Thomas H. Jukes (Photo: UC BERKELEY)
Thomas H. Jukes, the man who turned antibiotics into animal feed, was a remarkable biologist. Born in 1903, he was an old school environmentalist, a life member of the Sierra Club, an enthusiastic outdoorsman, and in later years when he was a professor at the University of California at Berkeley, a pioneer in the new science of molecular biology.
He was also an ardent defender of science, or at least his view of it. He wrote hundreds of opinion pieces, often polemical, on topics of the day, and, among other achievements, fought effectively to prevent the introduction of creationism into California schools. He also campaigned against quack cancer cures, and lambasted Nobel-winning chemist Linus Pauling for advocating massive vitamin doses as a panacea.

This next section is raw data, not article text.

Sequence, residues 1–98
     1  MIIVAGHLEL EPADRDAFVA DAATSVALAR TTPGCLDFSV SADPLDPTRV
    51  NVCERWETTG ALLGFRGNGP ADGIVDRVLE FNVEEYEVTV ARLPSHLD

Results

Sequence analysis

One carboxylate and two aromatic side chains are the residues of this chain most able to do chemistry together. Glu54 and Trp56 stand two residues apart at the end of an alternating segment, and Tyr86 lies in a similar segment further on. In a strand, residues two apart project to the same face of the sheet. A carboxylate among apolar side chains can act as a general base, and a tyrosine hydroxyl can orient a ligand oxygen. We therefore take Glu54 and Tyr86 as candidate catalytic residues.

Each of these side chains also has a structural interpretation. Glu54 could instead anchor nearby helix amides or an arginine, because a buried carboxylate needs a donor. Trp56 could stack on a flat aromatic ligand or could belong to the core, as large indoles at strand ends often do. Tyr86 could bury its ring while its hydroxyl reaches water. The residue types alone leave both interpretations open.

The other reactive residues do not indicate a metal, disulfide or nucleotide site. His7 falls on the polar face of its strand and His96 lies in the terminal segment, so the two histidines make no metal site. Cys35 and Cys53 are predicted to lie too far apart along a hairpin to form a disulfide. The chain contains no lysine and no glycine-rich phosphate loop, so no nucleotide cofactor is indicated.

But Jukes formed his ideas in an age of medical miracles, and firmly believed in the power of science to conquer…